Every developers dream, part 1

I think I am not the only one having these dreams of a wonderful world where everything works the way you’ve thought it out. The only problem is that it will probably never come true, but why can’t we dream about it. So here is my list of things I’d like to change in the world to make it run my way…

Super-language. Everything you use, and you make is written in some sophisticated language that suits anyones needs. Every one of those languages has it’s advantages and drawbacks. Now we all know that the problem mainly exists, because you have to write a lot of code to deal with complex tasks. For example to open up a window in Win32 API you have to write some 100 lines of code. Althogh you could do the same thing only in 10 lines of code in C#. Not to mention that the syntax is like day to night. The drawback here is that you have to trade less number of lines versus high(er) performance. Then there is this thingy with static typing vs. dynamic typing. And the list could go on an on.

My dream of super-language is basically to make ONE syntax and be able to compile it to machine code, turn garbage collection on or off, or just write script in the same language and pass it through interpreter.  I’d definitely go with Java/C# syntax. Of course C++ style static/object method calls are much easier to read when you have “->” or “::” operator in between, but then again we could just drop it in favor of “.”. Also good to mention that the language should be object-oriented and at the same time procedural for all those simple task lovers. Pointers? Of course! Even in the interpreted one. Sounds quite messed up, but think again what could we gain with it?

  1. One syntax for operating system developers, administrators, web developers, you name it. Everybody is involved.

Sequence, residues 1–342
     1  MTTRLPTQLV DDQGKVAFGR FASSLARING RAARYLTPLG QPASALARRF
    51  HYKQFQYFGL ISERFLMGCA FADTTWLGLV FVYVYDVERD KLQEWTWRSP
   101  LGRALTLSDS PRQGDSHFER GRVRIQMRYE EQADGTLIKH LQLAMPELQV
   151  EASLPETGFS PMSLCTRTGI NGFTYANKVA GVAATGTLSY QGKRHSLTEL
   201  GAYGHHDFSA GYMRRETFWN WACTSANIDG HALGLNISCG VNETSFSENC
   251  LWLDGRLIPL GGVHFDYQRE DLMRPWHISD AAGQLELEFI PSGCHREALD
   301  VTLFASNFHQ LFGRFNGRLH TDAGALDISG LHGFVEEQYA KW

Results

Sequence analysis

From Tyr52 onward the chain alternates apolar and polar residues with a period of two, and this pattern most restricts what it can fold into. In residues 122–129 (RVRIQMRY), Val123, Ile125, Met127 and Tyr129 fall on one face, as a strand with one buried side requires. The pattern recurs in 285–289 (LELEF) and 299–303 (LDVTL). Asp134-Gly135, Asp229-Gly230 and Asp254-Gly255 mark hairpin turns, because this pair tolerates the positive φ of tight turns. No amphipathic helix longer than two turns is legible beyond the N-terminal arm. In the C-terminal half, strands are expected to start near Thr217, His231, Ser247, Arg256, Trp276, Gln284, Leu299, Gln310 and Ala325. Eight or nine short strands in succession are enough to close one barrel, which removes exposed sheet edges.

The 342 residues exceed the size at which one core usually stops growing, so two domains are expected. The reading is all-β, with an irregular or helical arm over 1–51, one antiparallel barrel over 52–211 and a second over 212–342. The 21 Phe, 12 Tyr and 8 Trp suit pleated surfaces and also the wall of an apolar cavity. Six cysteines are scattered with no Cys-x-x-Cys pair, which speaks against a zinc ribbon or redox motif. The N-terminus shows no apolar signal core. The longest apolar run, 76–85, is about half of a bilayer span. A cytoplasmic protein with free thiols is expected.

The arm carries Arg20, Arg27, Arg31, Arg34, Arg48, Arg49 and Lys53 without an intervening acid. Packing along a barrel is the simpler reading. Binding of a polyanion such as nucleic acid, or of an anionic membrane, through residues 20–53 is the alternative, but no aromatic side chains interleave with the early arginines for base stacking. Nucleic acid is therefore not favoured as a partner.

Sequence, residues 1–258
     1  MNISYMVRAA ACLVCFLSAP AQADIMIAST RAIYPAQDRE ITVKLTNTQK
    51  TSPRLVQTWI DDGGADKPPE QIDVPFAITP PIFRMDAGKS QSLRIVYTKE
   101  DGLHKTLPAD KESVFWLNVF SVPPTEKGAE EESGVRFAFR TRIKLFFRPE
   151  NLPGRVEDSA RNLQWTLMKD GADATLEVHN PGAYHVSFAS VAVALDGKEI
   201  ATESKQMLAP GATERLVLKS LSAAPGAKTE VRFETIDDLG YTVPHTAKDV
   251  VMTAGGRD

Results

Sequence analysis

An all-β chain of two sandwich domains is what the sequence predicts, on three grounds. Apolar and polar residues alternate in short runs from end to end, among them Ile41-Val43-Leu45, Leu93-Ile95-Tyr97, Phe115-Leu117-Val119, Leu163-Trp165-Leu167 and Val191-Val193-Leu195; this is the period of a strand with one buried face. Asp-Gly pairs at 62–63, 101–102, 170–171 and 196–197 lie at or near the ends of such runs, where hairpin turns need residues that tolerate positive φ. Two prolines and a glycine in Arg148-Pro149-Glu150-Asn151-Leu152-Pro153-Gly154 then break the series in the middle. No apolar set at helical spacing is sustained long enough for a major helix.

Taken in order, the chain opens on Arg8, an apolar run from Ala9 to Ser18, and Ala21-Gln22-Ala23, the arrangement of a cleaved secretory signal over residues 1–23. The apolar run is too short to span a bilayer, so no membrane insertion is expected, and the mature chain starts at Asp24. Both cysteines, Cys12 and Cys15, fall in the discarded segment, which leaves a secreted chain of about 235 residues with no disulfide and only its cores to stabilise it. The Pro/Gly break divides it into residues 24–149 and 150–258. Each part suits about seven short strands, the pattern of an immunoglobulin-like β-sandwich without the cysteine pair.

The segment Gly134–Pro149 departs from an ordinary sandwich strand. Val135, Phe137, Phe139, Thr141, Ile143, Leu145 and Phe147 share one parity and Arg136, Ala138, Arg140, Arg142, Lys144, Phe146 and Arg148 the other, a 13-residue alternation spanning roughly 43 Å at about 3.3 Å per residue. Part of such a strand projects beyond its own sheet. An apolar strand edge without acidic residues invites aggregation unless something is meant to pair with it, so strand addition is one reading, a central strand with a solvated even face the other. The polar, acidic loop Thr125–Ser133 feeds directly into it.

2. Once somebody with not so great knowledge in cleaning up after himself has written a great library as interpretable script, somebody can just do some code refactoring, adding cleanup where necessary,  making it static typed and compile as binary library, making it run lightning fast. Still the code could be run through interpreter and updated, and recompiled afterwards.
  3. Even dynamic typed script could be pre-compiled (think PYC), with a speed increase.
  4. Abstraction layers build in any level, and could be transfered from any level to others. There is a problem with shared hosting servers where you can’t just ask to compile some misc. library for php to use it in your php built CMS. In this language/environment you could just load source and make it run as interperted code (slower, yes, but there would be no limits).
  5. Garbage-collected vs. I’ll-do-it-my-self – just some pragma directives in your code and your lazy ass is ready to roll. You think GC is dragging your code down, disable it in your code, do some refactoring and compile it to machine code – Über Fast!

The only problem I see is a classic security problem – too much is allowed in, for example, shared hosting environment, but that could be rearranged trough interpreter settings. For example asm() method is not allowed (not available, or just a dummy wrapper so that you do not have to remove that code). Also some open_basedir restrictions could be implemented, some “restricted functions/classes” directive could be implemented too. That brings to the “other” problem, nothing runs exactly the same way it ran when compiled – well I said it never gets really easy, but this could be a great start.

Now one more advantage – teach this language in schools, forget C/C++, start with the interpreted version, which could be less error prone and allow to make mistake here and there. Then move to byte code compiled/garbage collected version – next level of education, and finally go into details of lower level functionality, machine code compilation for specific instruction sets, etc. Voila perfect and easy IT education. That is what I would love to call a supreme-language, too bad it does not exist in real life. 🙁

Join the Conversation

1 Comment

Leave a comment

Your email address will not be published.